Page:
Our Greatest Gladness
Every time we run one of our ‘A Beginner’s Guide to Organic Smallholding’ courses we cherish the moment of introductions, where the participants share with us their hopes and dreams for their smallholding futures. It’s a precious and vulnerable moment hearing those ideas voiced, for some people it’s for the first time.
It returns Colin and I to the very same moment in our early days, when we tentatively suggested to each other that we might keep sheep. It also returns us to our values, why we do what we do in the way that we do it. It compels us to articulate why our life at The Lint Mill is so much more than ‘running a smallholding’, ‘running a B&B’, or ‘running courses’. It reconnects us very directly with our purpose.
Over the years we have written that purpose down and although we return to it regularly, there’s nothing like running another course to check if it all holds true.
Being certified organic by the Soil Association and holding a Green Tourism Gold Award for sustainable tourism means we open ourselves up to scrutiny, means we must articulate and evidence to others how that purpose manifests itself in practice. In the latest version of our eco policy, ‘Living a Regenerative Life’, we document our holistic approach to our lives and business. We say, ‘we understand that our rewards are measured not just financially but in our physical health, our mental well-being and the welfare of the animals we share our lives with.’
This is hugely important to us. We are honest with our course participants and admit that even if the cost analysis looks as though a particular venture will not generate much additional income, we must balance that knowledge with the benefits we experience in other ways.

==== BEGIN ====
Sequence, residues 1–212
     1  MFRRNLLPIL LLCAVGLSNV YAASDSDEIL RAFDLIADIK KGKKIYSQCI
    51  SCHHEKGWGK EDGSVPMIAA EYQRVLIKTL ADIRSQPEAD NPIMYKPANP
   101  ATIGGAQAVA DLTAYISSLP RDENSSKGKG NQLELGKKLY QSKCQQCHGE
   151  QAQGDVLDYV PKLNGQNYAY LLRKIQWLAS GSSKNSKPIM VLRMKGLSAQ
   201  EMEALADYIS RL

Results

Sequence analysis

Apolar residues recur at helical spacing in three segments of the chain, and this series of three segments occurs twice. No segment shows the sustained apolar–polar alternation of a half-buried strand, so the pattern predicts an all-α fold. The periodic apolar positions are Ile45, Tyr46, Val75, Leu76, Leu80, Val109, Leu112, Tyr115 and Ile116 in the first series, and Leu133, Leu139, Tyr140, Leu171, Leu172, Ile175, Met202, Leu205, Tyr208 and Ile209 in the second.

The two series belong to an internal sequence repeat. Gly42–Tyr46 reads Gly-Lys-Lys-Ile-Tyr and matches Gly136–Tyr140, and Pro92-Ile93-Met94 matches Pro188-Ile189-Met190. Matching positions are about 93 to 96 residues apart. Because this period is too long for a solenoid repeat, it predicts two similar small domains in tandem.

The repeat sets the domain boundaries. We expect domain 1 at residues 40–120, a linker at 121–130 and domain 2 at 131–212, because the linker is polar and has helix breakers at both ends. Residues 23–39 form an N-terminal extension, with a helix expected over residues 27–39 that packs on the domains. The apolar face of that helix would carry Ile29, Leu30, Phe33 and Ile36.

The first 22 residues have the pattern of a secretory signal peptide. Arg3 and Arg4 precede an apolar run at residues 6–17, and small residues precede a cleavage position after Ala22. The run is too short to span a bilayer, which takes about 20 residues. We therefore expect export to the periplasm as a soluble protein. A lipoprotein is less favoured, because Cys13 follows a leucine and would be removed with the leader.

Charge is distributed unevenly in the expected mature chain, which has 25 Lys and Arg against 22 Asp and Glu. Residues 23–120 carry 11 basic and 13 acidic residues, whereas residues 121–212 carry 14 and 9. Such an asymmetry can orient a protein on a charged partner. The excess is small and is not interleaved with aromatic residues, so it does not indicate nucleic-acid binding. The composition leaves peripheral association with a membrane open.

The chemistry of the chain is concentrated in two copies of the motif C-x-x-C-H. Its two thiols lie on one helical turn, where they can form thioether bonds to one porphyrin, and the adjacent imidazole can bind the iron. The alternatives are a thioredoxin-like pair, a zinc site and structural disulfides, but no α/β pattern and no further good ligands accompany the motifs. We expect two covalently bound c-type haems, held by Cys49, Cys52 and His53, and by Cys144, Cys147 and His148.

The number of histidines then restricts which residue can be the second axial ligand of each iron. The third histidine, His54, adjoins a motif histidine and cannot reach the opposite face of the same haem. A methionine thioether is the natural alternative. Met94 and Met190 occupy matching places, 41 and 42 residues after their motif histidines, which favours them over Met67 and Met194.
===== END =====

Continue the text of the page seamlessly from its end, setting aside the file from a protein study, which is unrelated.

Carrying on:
Take the herd of Bagot goats we breed for example. Unlike other breeds of goat, they are not used for producing milk or meat. They are on the RBST Watchlist and categorised ‘at risk’, so we do keep them to contribute to the safeguarding of this rare breed. We believe in genetic diversity and in this world dominated by monoculture in every arena, preserving our native breeds has never been more crucial. And they do eat our thistles and nettles! We occasionally sell stock to other breeders which generates some income to offset the expenditure. But honestly, they mainly give us joy. Joy everyday as we look out across the fields and see the happy intergenerational herd living their contented lives with us. Joy as they run to the daily bucket of feed. Joy in watching the tiny kids frolicking around the nursery paddock. It turns out that it’s very hard to put a price on this joy. However, the rewards of experiencing joy in this every day way are evident in the positive effect it has on our mental well-being. Our Bagot goats just make us happier.
So, we encourage others to look holistically at what they want from their smallholding life, to factor in rewards that aren’t easily quantified in pound notes but to be mindful that beauty doesn’t pay the bills. We all want our lives to be financially secure but balancing the books isn’t just about the numbers. We encourage our participants to look at Alan Savoury’s process of defining objectives and goals within the whole context of your own and your family’s material, physical and spiritual needs. Recognising our own unique context and our needs within that requires discussion, thrashing out and writing down. Alan Savoury has written extensively on this and offers this format,
‘The holistic context is described (and written down), using a specific format:
1. How do people want their lives to be, based upon what they value most – culturally, materially and spiritually;
2. What has to be produced to live such lives (and purpose if required); embedded in,
3. A description of their resource base as it would have to be to enable people hundreds of years from now to be living such lives.’
There are other ways to think about and begin to articulate your purpose and my favourite is the one offered to me by my friend and mentor David Key during my Natural Change training. Paraphrasing Frederick Buechner, he says, ‘look at where your greatest gladness meets the hunger of the world – that’s where you will find your purpose’. And it really isn’t a bad place to start whether you are a smallholder or not.